219. 219 Muck
    July 1, 2008 at 19:11

    Please ask the gentlemen speaking if he can define patriotism without using the word itself.

  220. 220 Eliel
    July 1, 2008 at 19:12

    Of course I am. I have over 600 bumber stickers, so I’m sure I can be president according to this clown.

    Holding a flag has nothing to do with more or less love of your country.

  221. 221 Christine, Portland, OR, USA
    July 1, 2008 at 19:13

    Many of ideals the ideals this country was founded on have been won, some lost, You gave the floor to someone who said many times that you are not patriotic if you dont say “God bless America.” As an atheist, I find it scary to elect anyone who says this. I will fight for a country that defends my non-religion. Union rights – this country doesnt protect my labor rights or my health. Labor unions are unpopular and national health care wont be here in my lifetime. I pay my taxes. Corporate media interested in half nude women on prime time TV? We never passed the equal right law for women. I am a woman. Why be patriotic? Flag pin? Patriotic?? I will define it as I see it, not you!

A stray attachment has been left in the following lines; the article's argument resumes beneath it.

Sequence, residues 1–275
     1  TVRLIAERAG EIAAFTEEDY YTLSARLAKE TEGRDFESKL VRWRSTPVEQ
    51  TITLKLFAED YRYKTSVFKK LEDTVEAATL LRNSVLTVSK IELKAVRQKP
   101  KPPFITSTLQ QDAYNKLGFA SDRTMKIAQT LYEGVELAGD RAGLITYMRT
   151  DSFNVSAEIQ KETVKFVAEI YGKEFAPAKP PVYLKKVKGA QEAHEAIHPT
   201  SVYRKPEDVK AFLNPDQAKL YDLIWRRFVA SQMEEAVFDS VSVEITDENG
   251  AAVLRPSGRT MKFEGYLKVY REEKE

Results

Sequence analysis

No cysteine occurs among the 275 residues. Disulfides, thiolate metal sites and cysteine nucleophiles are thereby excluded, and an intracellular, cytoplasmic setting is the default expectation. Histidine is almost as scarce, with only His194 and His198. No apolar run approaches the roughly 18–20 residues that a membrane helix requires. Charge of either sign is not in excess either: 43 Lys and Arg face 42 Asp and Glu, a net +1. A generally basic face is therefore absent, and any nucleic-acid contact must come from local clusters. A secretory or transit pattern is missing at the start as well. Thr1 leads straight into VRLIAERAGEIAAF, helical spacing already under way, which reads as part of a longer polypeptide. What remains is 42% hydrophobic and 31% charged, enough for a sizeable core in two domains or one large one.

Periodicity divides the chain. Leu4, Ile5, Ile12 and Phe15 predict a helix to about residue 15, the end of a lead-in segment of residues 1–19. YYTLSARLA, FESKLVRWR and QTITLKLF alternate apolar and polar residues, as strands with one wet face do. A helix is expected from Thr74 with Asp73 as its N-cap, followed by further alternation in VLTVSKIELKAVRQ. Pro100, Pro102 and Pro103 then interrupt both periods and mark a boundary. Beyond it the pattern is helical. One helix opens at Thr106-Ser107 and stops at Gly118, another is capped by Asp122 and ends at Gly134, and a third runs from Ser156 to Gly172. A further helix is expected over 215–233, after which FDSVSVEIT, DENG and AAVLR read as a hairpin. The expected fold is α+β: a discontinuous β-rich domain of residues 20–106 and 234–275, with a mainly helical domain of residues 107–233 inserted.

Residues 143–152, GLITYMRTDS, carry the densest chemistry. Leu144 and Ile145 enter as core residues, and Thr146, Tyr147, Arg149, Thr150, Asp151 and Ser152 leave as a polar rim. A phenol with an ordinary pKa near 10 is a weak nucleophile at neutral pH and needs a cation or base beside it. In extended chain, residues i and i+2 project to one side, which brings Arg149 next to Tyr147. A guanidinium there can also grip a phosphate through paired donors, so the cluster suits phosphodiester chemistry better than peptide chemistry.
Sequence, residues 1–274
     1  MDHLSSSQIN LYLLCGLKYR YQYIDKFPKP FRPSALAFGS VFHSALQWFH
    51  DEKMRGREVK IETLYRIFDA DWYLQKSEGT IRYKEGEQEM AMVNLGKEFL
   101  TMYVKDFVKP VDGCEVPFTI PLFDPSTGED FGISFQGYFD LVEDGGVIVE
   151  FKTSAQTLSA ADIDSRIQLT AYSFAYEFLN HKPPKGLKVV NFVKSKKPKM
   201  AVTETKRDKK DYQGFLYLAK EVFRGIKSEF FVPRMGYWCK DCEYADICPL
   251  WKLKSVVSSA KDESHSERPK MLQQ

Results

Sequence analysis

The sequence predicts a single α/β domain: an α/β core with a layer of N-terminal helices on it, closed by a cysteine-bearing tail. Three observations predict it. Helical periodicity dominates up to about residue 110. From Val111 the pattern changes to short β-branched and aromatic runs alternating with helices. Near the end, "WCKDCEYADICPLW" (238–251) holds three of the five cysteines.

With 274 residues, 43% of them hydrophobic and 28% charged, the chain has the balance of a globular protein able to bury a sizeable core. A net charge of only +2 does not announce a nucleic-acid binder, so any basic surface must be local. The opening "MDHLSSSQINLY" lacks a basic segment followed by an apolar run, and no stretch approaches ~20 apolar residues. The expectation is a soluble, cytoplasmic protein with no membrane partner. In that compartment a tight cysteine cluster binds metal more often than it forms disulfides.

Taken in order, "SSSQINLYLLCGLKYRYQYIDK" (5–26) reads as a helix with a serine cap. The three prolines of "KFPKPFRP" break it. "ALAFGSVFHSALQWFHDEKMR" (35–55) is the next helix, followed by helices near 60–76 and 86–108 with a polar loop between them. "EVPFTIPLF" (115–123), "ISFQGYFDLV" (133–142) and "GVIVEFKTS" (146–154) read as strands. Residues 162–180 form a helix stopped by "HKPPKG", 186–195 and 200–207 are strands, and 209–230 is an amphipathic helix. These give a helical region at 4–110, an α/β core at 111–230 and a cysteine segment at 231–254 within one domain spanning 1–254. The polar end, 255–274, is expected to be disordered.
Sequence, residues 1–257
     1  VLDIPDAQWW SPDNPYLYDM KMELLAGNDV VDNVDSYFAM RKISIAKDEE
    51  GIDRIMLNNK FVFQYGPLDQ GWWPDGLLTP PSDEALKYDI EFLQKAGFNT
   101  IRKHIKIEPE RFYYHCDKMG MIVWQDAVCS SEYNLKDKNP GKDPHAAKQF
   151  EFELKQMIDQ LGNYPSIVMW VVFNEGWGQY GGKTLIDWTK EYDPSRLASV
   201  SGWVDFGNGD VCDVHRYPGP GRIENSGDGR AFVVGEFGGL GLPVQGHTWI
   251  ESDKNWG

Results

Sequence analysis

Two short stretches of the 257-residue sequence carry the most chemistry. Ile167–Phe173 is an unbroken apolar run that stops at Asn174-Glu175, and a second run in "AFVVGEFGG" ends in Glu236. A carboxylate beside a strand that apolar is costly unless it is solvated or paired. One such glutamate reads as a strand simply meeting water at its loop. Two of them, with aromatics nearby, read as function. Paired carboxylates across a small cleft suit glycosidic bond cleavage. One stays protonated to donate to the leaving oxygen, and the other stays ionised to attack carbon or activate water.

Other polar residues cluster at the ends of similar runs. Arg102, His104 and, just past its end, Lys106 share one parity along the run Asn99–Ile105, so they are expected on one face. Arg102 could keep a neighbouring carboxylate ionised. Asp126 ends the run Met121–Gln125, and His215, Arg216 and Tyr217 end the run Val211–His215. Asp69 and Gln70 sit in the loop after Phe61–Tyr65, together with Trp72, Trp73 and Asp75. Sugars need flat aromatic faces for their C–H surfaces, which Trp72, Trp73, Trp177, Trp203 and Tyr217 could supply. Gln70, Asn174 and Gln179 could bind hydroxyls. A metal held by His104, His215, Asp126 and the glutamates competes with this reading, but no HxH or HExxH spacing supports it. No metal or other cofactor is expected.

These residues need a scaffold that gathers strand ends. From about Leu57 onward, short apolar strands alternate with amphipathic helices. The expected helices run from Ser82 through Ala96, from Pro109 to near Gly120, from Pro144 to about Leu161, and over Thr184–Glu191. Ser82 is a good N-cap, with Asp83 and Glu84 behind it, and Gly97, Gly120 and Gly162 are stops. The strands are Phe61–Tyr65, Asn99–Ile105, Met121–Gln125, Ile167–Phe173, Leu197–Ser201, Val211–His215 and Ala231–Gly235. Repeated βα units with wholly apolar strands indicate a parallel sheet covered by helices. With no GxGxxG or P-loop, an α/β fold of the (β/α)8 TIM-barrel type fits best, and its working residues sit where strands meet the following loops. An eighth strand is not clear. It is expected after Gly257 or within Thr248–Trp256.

Christine, Portland, OR, USA

  222. 222 Tom D Ford
    July 1, 2008 at 19:14

    @Michael

    “Simple example. Right now, many so-called patriotic political parties in Europe are right wing, neo-fascist movments. How many right wing neo-fascist parties ruling(-ed) USA in previous 100 years? Answer is very simple: 0.”

    Bush/Cheney/PNAC for the last eight years. They’re working to establish an American Empire. The Project for the New American Century is a neo-fascist group.

  223. 223 Ryan USA
    July 1, 2008 at 19:15

    Hello,
    It’s very upsetting that someone would use a flag pin as the basis for
    another’s patriotism. When did wearing a flag pin become such a
    big deal? Its pretty obvious that it never was until the current campaign
    started underway.

    As a US citizen, I am deeply offended by Roger, the speaker on your
    program who cannot define the word “patriotism” without using the word itself.
    He is one of those people who apparently loves his country but could not tell